What a year of reversals for Germany. After years of pressure from the United States and some allies in Europe, Germany finally nixed the Nord Stream 2 pipeline with Russia. Putin also got Germany to do something that several American presidents failed to achieve and that is to boost its defense sending in line with NATO commitments. The energy crunch manufactured by Russia is forcing Germany to abandon its previous strategy of reducing coal and closing down its nuclear plants. Ironically, the Greens are in the coalition government and recognize little choice. A formal decision on three nuclear plants that were to be shuttered before the end of the year has yet to be made, but reports confirm it is being discussed at the highest levels.
Germany's one-year forward electricity rose by 11% to 530.50 euros a megawatt-hour in the futures market years, a gain of more than 500%. France, whose nuclear plants are key to the regional power grid, is set to be the lowest in decades, according to reports. France has become a net importer of electricity, while the extreme weather has cut hydropower output and wind generation is below seasonal norms. The low level of the Rhine also disrupts this important conduit for barges of coal and oil. Starting in October, German households will have a new gas tax (2.4-euro cents per kilowatt hour for natural gas) until 1 April 2024. Economic Minister Habeck estimated that for the average single household the gas tax could be almost 100 euros a month, while a couple would pay around 195 euros. Also, starting in October, utilities will be able to through to consumers the higher costs associated with the reduction of gas supply from Russia. This poses an upside risk to German inflation.
The euro held technical support near $1.0110 yesterday and is trading quietly today in a narrow (~$1.0150-$1.0185) range today. Yesterday was the first session since July 15 that the euro did not trade above $1.02. The decline since peaking last week a little shy of $1.0370 has seen the five- and 20-day moving averages converge and could cross today or tomorrow for the first time since late July. We note that the US 2-year premium over German is testing the 2.60% area. It has not closed below there since July 22. Sterling held key support at $1.20 yesterday and traded to almost $1.2145 today, which met the (50%) retracement objective of the fall from last week's $1.2275 high. The next retracement (61.8%) is closer to $1.2175. The UK reported employment yesterday, CPI today, and retail sales ahead of the weekend. Retail sales, excluding gasoline, have fallen consistently since last July with the exception of October 2021 and June 2022. Retail sales are expected to have slipped by around 0.3% last month.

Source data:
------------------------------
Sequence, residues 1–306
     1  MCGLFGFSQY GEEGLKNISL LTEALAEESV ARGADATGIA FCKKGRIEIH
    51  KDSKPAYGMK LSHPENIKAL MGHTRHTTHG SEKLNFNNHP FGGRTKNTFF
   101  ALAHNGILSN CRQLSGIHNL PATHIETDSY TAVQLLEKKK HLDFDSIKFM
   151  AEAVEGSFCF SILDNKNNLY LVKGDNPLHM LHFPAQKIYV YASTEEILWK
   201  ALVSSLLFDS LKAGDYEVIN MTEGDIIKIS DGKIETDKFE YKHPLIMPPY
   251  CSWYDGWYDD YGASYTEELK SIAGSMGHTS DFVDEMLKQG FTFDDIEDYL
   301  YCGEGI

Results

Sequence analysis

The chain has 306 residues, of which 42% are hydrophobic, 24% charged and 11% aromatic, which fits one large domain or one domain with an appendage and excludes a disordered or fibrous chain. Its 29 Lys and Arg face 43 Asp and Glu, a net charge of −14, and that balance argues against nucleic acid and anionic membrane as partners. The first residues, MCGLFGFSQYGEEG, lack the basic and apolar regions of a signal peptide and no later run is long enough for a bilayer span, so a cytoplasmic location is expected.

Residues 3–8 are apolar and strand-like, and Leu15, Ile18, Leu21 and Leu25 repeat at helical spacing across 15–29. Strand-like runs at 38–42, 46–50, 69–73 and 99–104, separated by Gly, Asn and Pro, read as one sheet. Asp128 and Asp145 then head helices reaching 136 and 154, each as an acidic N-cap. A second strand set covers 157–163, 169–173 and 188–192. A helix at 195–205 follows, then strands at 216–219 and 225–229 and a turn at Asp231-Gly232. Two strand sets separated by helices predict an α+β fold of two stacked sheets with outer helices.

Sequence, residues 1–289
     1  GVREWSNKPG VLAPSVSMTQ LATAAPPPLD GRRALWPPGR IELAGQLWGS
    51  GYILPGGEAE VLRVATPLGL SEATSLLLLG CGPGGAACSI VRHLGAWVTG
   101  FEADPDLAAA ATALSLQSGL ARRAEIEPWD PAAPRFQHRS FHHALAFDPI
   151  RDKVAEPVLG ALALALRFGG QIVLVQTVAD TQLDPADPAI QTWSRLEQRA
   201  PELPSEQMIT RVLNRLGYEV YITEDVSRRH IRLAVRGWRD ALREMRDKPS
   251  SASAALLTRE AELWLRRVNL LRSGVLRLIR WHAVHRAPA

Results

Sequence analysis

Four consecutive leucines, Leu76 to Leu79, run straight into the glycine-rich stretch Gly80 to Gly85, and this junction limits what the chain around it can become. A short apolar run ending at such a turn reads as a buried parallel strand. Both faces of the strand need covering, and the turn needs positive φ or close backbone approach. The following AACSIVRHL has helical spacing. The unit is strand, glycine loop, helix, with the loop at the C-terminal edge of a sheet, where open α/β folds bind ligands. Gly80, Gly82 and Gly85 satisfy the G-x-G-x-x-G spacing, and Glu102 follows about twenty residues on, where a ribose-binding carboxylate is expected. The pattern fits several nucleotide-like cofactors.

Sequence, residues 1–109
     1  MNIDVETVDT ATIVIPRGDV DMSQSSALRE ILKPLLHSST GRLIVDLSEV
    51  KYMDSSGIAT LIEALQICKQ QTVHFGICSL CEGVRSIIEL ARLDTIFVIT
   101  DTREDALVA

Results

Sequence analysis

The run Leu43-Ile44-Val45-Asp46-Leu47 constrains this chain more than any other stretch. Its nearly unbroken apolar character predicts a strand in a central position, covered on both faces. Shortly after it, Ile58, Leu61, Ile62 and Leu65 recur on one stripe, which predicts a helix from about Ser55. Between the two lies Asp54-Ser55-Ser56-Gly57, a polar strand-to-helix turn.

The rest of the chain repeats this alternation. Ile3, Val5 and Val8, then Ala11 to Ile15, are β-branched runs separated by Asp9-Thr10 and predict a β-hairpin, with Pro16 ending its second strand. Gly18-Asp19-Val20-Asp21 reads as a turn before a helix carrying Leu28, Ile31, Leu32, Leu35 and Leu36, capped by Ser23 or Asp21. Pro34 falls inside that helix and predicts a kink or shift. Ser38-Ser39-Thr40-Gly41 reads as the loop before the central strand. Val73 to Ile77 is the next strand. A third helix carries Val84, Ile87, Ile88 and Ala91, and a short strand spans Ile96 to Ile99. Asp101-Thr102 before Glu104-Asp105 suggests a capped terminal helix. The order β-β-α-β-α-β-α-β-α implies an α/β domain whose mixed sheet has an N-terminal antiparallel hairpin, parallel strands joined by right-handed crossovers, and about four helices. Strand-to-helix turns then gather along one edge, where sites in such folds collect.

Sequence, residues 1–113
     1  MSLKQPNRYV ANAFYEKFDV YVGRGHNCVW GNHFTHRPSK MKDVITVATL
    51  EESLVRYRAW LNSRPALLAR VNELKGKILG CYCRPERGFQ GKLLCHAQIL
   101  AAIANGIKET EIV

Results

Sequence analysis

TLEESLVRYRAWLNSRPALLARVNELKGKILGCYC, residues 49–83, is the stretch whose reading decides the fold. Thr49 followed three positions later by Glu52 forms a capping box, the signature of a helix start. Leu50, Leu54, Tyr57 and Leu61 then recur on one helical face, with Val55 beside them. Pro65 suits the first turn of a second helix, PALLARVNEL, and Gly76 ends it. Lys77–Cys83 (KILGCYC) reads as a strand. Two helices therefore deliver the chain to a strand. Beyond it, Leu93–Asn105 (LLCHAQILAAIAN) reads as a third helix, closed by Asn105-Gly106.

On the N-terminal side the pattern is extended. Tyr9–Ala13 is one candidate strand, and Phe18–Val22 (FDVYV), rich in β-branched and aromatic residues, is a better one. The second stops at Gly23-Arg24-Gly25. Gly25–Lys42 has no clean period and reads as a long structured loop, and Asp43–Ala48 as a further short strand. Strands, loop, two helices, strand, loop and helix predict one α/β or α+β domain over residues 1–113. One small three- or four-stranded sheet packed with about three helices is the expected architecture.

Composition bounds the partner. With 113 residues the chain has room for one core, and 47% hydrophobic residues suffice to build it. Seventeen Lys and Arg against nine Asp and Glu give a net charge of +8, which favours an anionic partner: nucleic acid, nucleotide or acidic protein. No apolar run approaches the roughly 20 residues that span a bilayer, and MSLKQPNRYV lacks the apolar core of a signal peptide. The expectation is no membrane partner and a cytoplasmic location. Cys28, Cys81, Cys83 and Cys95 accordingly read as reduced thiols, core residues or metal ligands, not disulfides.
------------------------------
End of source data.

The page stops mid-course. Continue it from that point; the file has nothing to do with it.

The Empire State manufacturing August survey on Monday and yesterday's July housing starts pick up a thread first picked up in the July composite PMI, which fell from 52.3 to 47.7 of some abrupt slowing of economic activity. The Empire State survey imploded from 11.1 to -31.3. Housing starts fell 9.6%, more than four times the pace expected (median Bloomberg survey -2.1%). It was small comfort that the June series was revised up 2.4% from initially a 2.0% decline. The 1.45 mln unit pace is the weakest since February 2021 and is about 9% lower than July 2021. However, offsetting this has been the strong July jobs report and yesterday's industrial production figures. The 0.6% was twice the median forecast (Bloomberg's survey) and the June decline (-0.2%) was revised away. The auto sector continues to recover from supply chain disruptions, and this may be distorting typically seasonal patterns. Sales rose in June and July, the first back-to-back gain in over a year. To some extent, supply is limiting sales, which would seem to encourage production. Outside of autos, output slowed (year-over-year) for the third consecutive month in July.
Today's highlights include July retail sales and the FOMC minutes. Retail sales are reported in nominal terms, which means that the 13% drop in the average retail price of gasoline will weigh on the broadest of measures. However, excluding auto, gasoline, building materials, and food services, the core retail sales will likely rise by around 0.6% after a 0.8% gain in June. The most important thing that many want to know from the FOMC minutes is whether the bar is set to another 75 bp rate hike. The Fed funds futures market has it nearly 50/50.
Canada's July CPI was spot on forecasts for a 0.1% month-over-month increase and a 7.6% year-over-year pace (down from 8.1%). However, the core rates were firm than average increased. The market quickly concluded that this increases the likelihood that the central bank that surprised the market with a 100 bp hike last month will lift the target rate by another 75 bp when it meets on September 7. In fact, the swaps market sees it as an almost 65% probability, the most since July 20. Canada reports June retail sales at the end of the week. The median forecast in Bloomberg's survey is for a 0.4% gain, but even if it is weaker, it is unlikely to offset the firm core inflation readings.
The dollar-bloc currencies are under pressure today, but the Canadian dollar is faring best, off about 0.25% in late morning trading in Europe. The Aussie is off closer to 0.75% and the Kiwi is down around 0.5%. US equities are softer. The greenback found support near CAD1.2830 and is near CAD1.2880. Monday and Tuesday's highs were in the CAD1.2930-5 area and a break above there would target CAD1.2985-CAD1.3000. However, the intraday momentum indicators are overextended, and initial support is seen in the CAD1.2840-60 area. The greenback has forged a shelf near MXN19.81 in recent days. It has been sold from the MXN20.83 area seen earlier this month. It has not been above MXN20.05 for the past five sessions. A move above there initially targets around MXN20.20. The JPMorgan Emerging Market Currency Index is off for the third consecutive session. If sustained, it would be the longest losing streak since July 20-22.
Editor's Note: The summary bullets for this article were chosen by Seeking Alpha editors.